In a follow-up email, Lynn T. Waters, the university's vice president of communications, assured Daluge that any money raised would "go toward covering costs of this particular event."
Supreme Court justices have few formal limits outside the annual financial disclosure requirement. Other federal judges are bound by the Code of Conduct for U.S. Judges, which places strict limits on honorariums, gifts and political activity. But the code does not apply to Supreme Court justices.
The justices have, at times, said that they will abide by the code nonetheless. Fix the Court did find that Supreme Court staff often told university officials that the justices could not participate in fundraisers, as Breyer's assistant did.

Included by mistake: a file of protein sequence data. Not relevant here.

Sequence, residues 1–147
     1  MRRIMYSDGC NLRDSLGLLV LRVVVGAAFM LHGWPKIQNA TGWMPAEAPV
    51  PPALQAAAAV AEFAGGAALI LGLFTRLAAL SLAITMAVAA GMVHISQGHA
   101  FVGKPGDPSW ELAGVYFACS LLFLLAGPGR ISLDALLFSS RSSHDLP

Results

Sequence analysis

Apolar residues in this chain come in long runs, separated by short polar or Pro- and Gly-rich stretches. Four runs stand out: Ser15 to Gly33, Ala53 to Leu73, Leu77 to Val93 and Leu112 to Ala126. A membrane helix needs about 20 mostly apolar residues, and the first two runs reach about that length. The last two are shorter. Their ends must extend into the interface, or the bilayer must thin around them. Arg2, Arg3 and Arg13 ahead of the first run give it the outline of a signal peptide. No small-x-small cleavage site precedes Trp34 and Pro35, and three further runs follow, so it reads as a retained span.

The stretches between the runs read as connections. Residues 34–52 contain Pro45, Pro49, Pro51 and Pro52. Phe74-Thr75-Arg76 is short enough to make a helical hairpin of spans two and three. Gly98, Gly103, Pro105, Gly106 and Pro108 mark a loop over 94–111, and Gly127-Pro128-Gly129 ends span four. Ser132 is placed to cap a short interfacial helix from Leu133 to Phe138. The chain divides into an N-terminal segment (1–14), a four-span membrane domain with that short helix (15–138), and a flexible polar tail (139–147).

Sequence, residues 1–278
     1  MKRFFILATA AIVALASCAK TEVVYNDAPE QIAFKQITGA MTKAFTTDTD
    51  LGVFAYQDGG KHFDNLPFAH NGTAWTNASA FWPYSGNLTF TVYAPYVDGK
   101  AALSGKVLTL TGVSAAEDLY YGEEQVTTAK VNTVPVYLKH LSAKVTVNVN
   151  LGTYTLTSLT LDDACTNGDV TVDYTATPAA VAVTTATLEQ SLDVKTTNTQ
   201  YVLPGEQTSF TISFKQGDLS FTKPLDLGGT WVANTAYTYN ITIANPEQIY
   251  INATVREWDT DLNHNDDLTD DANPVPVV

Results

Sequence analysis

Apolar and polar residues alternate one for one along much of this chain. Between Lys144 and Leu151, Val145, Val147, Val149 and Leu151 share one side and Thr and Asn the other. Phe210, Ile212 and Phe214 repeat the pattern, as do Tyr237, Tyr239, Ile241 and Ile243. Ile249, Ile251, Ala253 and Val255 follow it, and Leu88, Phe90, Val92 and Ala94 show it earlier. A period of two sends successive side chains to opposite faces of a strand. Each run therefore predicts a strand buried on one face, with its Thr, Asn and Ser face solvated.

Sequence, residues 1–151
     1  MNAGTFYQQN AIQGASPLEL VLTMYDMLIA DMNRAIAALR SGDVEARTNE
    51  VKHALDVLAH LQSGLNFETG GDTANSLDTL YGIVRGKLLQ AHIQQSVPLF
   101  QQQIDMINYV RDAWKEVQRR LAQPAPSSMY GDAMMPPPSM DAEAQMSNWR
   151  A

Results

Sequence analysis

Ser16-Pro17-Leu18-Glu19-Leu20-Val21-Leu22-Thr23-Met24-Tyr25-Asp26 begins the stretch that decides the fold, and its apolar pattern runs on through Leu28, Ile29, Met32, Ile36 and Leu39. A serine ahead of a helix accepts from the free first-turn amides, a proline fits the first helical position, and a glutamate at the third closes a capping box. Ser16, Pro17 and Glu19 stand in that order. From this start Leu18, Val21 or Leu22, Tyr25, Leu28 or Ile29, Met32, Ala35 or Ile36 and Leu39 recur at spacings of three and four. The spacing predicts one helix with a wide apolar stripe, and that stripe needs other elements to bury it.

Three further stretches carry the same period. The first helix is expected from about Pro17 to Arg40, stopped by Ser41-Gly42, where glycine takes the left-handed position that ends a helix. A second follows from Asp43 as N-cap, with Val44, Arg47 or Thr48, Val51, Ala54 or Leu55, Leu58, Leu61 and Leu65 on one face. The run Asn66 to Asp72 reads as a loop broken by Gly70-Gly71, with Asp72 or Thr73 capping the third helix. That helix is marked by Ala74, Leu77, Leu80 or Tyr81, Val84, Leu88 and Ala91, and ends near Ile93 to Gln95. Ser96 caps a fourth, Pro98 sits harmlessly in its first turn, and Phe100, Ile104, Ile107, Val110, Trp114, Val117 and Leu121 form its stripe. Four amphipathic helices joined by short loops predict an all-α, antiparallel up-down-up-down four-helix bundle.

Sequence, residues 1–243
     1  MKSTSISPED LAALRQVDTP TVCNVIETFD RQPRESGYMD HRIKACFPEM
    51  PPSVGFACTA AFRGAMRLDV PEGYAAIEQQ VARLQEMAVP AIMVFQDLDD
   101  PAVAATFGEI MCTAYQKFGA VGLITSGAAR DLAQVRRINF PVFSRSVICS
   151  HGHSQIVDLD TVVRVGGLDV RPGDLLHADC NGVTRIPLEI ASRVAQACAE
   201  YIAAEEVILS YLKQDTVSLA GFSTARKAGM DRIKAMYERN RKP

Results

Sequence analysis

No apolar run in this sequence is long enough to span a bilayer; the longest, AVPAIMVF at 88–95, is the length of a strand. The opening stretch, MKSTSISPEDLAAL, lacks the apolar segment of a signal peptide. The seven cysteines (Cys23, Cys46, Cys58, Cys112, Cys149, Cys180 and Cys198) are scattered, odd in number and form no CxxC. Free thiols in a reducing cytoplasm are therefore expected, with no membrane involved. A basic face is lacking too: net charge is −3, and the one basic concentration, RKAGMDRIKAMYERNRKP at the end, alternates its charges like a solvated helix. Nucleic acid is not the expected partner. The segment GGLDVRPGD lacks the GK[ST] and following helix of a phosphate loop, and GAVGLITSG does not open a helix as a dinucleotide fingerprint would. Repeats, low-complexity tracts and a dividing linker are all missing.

But justices have drawn fire for actions that would run afoul of the code in the past -- including for speeches to groups of conservative donors and negative comments about political candidates.
The Supreme Court, like Congress and most of the White House, is also exempt from the federal Freedom of Information Act, which requires executive branch agencies to make their records publicly available.
Supreme Court justices' financial disclosures are also less frequent and detailed than those for members of Congress.
"Much of what we uncovered would be divulged under the disclosure rules for most state and federal officials, which the federal judiciary has avoided to this point," Roth said in a statement. "Instead, we're left wondering how often the justices are behaving unethically."
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